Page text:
“It was framed as Muslim versus Jew, and the Palestinians were referred to as terrorists or militants in most media coverage. However, the majority of our neighbors in Jerusalem were Palestinian Christians suffering from the same military occupation as their fellow Muslim Palestinians. This was no Muslim versus Jew fight.”
|Francisco de Goya, May 3rd|
Israel has been surprised by the resistance but, actually, it only helps Israel, not Palestine, when rockets are fired from Gaza. As Israeli peace activist Rabbi Michael Lerner wrote recently, Hamas rocket attacks are “the best friend of the Israeli settlers, right-wing Israeli extremists, and the Netanyahu government.”
“Netanyahu's recent statement essentially confirming that he will never accept an independent Palestinian state show how foolish the US’s calls for ‘more negotiations’ are, because the US just adds fuel to the fire by simultaneously asserting that it supports Israel's right to defend itself when in danger. Israel’s legitimate fear of ISIS, Iran, and fundamentalist forces in the Middle East, does not excuse the state from confronting those of us who argue that the strategy of ‘power over’ is not one that will strengthen Israel in the long run—it will weaken it.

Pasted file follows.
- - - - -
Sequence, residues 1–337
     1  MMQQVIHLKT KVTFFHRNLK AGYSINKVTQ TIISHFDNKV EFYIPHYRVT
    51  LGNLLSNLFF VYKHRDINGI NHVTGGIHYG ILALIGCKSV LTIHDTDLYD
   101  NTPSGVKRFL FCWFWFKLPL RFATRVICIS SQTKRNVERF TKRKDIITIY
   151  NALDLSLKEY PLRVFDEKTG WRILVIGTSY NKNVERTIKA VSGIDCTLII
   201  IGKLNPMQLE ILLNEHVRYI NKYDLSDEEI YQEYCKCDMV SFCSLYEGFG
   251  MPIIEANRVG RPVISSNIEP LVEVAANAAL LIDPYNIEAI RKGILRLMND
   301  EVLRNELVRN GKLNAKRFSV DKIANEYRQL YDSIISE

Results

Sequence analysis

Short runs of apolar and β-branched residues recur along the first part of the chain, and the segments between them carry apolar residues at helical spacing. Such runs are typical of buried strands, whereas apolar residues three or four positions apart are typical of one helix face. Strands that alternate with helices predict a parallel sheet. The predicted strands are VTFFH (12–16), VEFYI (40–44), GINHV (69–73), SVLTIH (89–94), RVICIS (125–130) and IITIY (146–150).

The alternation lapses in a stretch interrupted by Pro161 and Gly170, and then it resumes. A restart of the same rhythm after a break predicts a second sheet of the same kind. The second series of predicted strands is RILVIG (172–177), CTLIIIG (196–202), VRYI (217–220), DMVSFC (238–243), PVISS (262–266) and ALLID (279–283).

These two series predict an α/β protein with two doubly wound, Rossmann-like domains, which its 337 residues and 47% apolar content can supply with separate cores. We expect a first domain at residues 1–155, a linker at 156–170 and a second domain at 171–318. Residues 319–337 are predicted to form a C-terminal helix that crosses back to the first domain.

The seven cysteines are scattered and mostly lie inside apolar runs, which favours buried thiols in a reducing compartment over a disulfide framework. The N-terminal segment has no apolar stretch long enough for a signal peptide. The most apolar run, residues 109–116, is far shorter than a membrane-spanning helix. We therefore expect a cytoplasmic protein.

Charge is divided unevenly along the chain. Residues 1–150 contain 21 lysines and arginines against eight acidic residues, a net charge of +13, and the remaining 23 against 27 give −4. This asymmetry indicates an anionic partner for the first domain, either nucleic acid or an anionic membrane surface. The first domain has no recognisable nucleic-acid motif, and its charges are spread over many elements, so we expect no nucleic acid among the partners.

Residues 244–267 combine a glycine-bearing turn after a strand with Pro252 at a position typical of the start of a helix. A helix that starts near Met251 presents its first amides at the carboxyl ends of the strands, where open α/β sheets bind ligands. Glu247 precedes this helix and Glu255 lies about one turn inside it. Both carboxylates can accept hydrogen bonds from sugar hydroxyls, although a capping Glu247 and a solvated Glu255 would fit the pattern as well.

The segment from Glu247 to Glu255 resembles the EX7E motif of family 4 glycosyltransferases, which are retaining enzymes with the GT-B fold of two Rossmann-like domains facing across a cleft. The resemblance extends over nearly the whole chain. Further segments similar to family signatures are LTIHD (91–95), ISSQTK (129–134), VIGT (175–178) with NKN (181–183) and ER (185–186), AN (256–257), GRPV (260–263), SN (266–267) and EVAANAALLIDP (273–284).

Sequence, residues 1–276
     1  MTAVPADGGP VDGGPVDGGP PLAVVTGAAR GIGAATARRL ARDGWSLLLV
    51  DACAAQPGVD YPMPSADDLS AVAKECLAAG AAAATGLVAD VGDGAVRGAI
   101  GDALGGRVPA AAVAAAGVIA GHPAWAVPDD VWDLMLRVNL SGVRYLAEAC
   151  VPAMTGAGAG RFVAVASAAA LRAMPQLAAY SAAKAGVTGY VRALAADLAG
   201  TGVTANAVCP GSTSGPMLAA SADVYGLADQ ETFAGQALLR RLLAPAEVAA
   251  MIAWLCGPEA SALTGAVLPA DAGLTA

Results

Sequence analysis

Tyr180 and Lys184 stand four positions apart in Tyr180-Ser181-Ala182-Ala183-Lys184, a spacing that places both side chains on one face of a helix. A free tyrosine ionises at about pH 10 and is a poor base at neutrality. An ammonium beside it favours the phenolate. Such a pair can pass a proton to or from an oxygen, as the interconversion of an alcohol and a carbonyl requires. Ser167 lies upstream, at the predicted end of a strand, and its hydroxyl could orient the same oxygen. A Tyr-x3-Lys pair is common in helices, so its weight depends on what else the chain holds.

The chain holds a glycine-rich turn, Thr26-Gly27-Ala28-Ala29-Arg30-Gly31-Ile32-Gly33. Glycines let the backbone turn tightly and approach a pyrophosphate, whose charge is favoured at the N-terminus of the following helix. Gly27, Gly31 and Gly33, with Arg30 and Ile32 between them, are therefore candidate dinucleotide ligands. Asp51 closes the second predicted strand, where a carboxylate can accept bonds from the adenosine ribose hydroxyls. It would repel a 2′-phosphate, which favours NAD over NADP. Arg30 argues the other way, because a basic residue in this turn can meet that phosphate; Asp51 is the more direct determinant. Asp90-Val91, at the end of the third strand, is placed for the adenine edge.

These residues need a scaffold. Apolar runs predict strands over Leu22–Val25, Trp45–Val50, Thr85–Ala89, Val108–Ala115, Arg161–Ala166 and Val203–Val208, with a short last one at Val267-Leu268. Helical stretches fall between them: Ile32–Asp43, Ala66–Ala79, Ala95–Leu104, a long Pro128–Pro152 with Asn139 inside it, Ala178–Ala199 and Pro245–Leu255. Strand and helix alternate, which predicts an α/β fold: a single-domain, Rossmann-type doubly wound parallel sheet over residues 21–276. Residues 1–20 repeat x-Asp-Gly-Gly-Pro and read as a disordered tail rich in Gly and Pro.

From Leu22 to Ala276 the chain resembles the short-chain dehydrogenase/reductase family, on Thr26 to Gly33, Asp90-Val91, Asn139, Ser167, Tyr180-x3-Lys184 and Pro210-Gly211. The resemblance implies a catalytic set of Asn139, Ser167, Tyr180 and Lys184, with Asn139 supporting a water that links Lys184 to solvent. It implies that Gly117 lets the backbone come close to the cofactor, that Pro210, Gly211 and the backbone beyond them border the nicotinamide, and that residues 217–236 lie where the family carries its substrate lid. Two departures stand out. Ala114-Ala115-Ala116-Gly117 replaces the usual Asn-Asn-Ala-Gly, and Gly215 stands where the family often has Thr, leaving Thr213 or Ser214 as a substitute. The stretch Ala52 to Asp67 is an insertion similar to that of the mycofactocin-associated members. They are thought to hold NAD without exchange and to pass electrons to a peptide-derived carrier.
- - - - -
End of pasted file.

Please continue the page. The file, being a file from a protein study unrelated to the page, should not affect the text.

Hamas’s demands all seem quite reasonable to most Palestinians, and really make sense: free the newly arrested Palestinians who were doing nothing but sitting in their homes when Israeli troops invaded looking for the three kidnapped Israeli teens (a complete sham since the Israeli top leadership knew [for 18 days] that those teens had already been murdered the very night they were kidnapped), stop the blockade of Gaza and allow Gazans access to the Mediterranean sea for fishing purposes, and end the targeted assassinations of Palestinians and the drone strikes that have caused an average of 2-3 children to die every week for the past eight years (something that most Israelis and most Americans don't know or can't grasp).”